Tag Archives: asafa powell

The Morning Run- June 8th

The Morning Run is a daily compilation of links, news and commentary.

Oslo’s stop on the Diamond League was Thursday and although the fields were a bit diluted with the New York meet on Saturday, there were still some significant takeaways.

Asafa Powell looked like a bona fide silver medal contender.  He lost to Usain Bolt, but he ran a season best time of 9.85 and appeared to run all the way through the line.

Yes, Bolt did almost take out the flower girl.

Abebe Aragawi is shaping up to be the Morgan Uceny of 2012.  Last week she won in a fast 3:56 in Rome, yesterday she ran a smart, savvy race to win in 4:02.  The sample size is very small, but so far she has shown the versatility to make her a favorite the rest of the summer.  As for the real Uceny, she finished 6th in 4:05.  She didn’t really get going last year until after the U.S. championships, so I wouldn’t count her out yet.

There was good news and bad news for Lolo Jones.  The good, she ran a season best time of 12.75 and beat last year’s silver medalist Danielle Carruthers.  The bad, the extraordinarily deep American 100 hurdles field, got even deeper with the emergence of Kristi Castlin.  After a stellar indoor season, Castlin finished 2nd yesterday in 12.56.  Sally Pearson’s dominance would be boring if she wasn’t so fun to watch.

Is Kenenisa Bekele improving or flat lining?  He ran his fastest time of the season, 13:00.54, but finished only 5th.  Worse than that, he lost to his younger brother and everyone knows how awful that is.  Oslo was his fourth Diamond League race of the season and he has shown steady improvement, but has yet to have the breakthrough race that truly signals his return.

There are still two more days of racing in Des Moines at the NCAA ChampionshipsJesse Squire gives you the low down on day three.

If you are watching the NCAA meet for runners that will have an impact at the US Olympic Trials, keep your eye on Kimberlyn Duncan, English Gardner and Octavious Freemon in the women’s 100, Tony McQuay and Mike Berry in the men’s 400 and Harry Adams and Maurice Mitchell in the men’s 100.

What to watch for at Saturday’s Diamond League meet in New York.

Desiree Davila answers Joe Battaglia’s questions

Battaglia also features the frequently overlooked Kelly-Ann Baptiste.

NBC’s Rock Center profiles Oscar Pistorius.

The Tonight Show went to Chula Vista, California and sampled some track and field events.

-Kevin

 

The Morning Run- June 5th

The Morning Run is a daily compilation of links, news and commentary.

Tyson Gay will make his 2012 debut in New York at the Adidas Grand Prix on Saturday.  Gay will be in the “B” section and will not be racing head-to-head with 2011 world champion Yohan Blake.   Gay, and his agent Mark Wetmore, cited preparedness issues as the reason he would not be racing in the premiere section.  In the same article, Wetmore says that Gay could be ready for something in the 9.9s on Saturday.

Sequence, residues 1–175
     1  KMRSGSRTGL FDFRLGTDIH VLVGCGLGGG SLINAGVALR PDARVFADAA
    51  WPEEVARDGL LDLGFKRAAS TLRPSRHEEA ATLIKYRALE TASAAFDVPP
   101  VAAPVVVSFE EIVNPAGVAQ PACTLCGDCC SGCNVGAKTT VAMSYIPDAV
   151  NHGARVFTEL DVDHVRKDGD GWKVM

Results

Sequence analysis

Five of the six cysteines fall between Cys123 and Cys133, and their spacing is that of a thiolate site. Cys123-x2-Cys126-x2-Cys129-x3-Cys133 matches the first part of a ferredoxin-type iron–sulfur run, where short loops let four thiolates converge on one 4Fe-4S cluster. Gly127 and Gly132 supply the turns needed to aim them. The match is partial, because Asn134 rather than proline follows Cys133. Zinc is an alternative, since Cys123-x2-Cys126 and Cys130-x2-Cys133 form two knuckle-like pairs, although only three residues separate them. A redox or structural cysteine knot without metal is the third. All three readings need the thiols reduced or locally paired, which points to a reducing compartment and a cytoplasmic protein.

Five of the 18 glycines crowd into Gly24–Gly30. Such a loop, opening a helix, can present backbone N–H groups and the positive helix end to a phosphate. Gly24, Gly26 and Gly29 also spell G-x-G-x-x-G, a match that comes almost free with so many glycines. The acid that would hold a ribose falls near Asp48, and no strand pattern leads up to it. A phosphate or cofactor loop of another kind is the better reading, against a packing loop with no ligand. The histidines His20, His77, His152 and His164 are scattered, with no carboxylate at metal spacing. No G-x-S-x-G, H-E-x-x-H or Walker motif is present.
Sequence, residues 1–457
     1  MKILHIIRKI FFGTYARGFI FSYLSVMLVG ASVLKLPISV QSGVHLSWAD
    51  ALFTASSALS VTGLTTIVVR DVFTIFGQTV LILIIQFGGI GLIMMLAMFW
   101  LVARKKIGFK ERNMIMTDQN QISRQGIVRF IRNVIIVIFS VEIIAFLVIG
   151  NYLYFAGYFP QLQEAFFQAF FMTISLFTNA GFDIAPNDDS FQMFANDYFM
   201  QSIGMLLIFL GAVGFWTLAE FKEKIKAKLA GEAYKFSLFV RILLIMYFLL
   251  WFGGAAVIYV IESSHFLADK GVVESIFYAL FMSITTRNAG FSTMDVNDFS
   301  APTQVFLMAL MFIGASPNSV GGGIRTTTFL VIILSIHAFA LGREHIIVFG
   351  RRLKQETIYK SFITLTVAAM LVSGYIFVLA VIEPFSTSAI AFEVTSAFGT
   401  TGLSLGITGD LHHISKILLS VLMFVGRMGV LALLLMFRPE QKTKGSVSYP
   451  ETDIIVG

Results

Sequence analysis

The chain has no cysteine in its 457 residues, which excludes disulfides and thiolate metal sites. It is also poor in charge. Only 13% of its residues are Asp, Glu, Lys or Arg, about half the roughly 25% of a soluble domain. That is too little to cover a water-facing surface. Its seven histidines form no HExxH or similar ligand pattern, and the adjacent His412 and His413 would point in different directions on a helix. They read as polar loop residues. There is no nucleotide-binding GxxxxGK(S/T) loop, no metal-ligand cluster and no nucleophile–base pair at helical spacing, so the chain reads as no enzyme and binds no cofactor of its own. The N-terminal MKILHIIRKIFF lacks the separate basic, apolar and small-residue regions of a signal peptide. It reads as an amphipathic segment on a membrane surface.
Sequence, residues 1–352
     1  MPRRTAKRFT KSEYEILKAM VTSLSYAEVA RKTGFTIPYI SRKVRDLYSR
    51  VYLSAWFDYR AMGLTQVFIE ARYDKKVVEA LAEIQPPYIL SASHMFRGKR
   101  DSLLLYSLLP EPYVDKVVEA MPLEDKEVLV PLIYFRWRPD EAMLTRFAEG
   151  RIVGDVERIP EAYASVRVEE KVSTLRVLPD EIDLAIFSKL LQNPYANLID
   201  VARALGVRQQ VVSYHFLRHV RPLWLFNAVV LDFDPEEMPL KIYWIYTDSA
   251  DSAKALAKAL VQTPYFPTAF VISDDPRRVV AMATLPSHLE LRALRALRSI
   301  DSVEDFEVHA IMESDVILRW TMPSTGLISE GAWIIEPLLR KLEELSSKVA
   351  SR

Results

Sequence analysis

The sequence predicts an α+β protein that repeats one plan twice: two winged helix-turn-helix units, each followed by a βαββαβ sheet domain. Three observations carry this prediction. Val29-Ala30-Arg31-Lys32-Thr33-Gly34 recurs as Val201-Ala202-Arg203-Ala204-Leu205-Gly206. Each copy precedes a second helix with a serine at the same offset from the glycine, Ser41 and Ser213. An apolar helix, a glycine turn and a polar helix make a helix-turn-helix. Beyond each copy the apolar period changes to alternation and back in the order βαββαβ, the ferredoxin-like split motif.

Whether or not that is realistic is debatable, but the fact that it is even being considered seems to undermine the unpreparedness  argument for why Gay needs to be in a separate section.  Nobody begrudges him if he needs a tune-up race and can’t touch a sub-10 yet, but claiming he isn’t race-ready and then floating 9.9 is highly contradictory.  Regardless, this should be the most anticipated “B” section of 2012

The most recent start lists for New York can be found here.

The NCAA Championships begin on Wednesday and run through Saturday.  Track and Field News produced women’s and men’s form charts.

The most recent start lists for the Bislett Games, Oslo’s stop on the Diamond League have been posted.  Some races to keep an eye on:

Can Usain Bolt improve on his world leading 9.76 in the 100 “against” Asafa Powell

Lolo Jones will try to get back on track in the 100 hurdles against Sally Pearson, Kristi Castlin, Tiffany Porter and Jessica Ennis.

Kenenisa Bekele, Tariku Bekele, Dejen Gebremeskel, Imane Merga and the rest of the strong Ethiopian contingent will battle for Olympic spots in the men’s 5000. 

American Morgan Uceny will try to close the gap on breakout Ethiopians Abeba Aregwai, Genzebe Dibaba in the 1500.    

Ken Goe’s links from Monday.

Writer David Davis is writing a book on the first woman to run a marathonMerry Lepper.  Hard to believe it was in 1963.

Start list for the Portland Track Festival, which features Dathan Ritzenhein and Lauren Fleshman.

-Kevin

 

The Morning Run- May 31st

The Morning Run is a daily compilation of links, news and commentary.

Make sure to check out our most recent podcast with Joe Battaglia of NBC Olympics.  Joe gives a great preview of the Prefontaine Classic and the Rome Golden Gala and also comments on the hype surrounding Lolo Jones, Allyson Felix’s double and the Kenyan Olympic selection process.

Speaking of Joe Battaglia, he introduces the 14 men running in the Kenyan Olympic 10,000 Trials at Hayward Field on Friday night, and previews today’s meet in Rome.

Dai Greene is out of the 400 hurdles in Rome with an illness.  Apparently, policing all of track and field can get pretty taxing.

Add “Visa issues” to the list of items that ail track and field.  Cuban hurdle superstar Dayron Robles may be out of the Prefontaine Classic due to a delay in obtaining his Visa.

TYSON GAY SIGHTINING TYSON GAY SIGHTING.  He only runs about 30 meters on a high school track, but there is a real starter’s pistol and he is using blocks.  In all seriousness, there is a chance that he will debut this weekend on his home track in Clermont.